To put it simply: I am fascinated by connection and most of what I do circles around that point. What I create emerges from practices of deep listening, intuition, dreaming, walking, grieving and cultivating relationship with places and their inhabitants. Though I am informed by my background in conservation and environmental + social sciences, the way I experience the world is through an animist understanding. From this perspective, much of my work is reflective of ecological relationships and the teachings they offer to human beings about how we can better exist in reciprocity and respect with the living world. The ecosystems who nurture and teach us, the human and more-than-human beings in my life, and the great patterns, processes, and liminal spaces are gifts, reflecting that we belong here, but have forgotten -- or been separated from -- our place.
What I do is for them and it is for you.
Much of my visual art takes the form of black and white ink drawing using a stippling technique resulting in thousands of tiny dots. It is a meditative reflection on connectivity: a multitude of entities, all equal in importance, collaborating together to create one whole. Other creative pursuits include intuitive writing, mural painting, and watercolor. My art has been shown at a number of venues including the University of Arizona Museum of Art, Saguaro National Park, the Natural History Institute, and the Corvallis Arts Center as well as published in scientific journals, magazines such as Edible Baja Arizona, and online spaces including Terrain.org.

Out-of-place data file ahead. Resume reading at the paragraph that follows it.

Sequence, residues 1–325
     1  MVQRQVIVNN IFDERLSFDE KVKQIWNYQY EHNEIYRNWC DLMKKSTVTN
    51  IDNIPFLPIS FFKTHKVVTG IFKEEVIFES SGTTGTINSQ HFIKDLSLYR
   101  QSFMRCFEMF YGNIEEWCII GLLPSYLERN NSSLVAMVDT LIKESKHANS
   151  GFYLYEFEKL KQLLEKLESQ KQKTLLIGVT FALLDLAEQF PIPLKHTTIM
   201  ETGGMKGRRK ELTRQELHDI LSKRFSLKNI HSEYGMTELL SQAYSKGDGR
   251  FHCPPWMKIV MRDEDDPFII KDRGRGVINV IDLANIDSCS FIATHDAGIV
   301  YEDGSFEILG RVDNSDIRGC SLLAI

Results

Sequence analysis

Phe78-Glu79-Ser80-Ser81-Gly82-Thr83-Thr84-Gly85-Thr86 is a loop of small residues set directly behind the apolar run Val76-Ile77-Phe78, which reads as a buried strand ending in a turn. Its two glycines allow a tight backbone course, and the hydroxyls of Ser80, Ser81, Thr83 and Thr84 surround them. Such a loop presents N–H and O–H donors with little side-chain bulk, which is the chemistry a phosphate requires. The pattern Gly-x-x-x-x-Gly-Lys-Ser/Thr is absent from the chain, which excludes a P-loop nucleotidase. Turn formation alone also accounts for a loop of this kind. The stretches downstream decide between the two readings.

Additionally, I work at the intersection of social + environmental, including as an educator, community organizer, and facilitator. I have an M.S. degree in marine resource management from Oregon State University and a B.A. from Prescott College in environmental studies with a minor in visual arts. I also practice ecological griefwork that integrates my background with trainings in social justice, griefwork for death doulas, and somatic embodiment + nervous system regulation strategies. The land continues to be my best teacher. Currently, I reside in the Sonoran Desert in so-called Tucson, Arizona – the homelands of the Tohono O'odham and Pascua Yaqui people.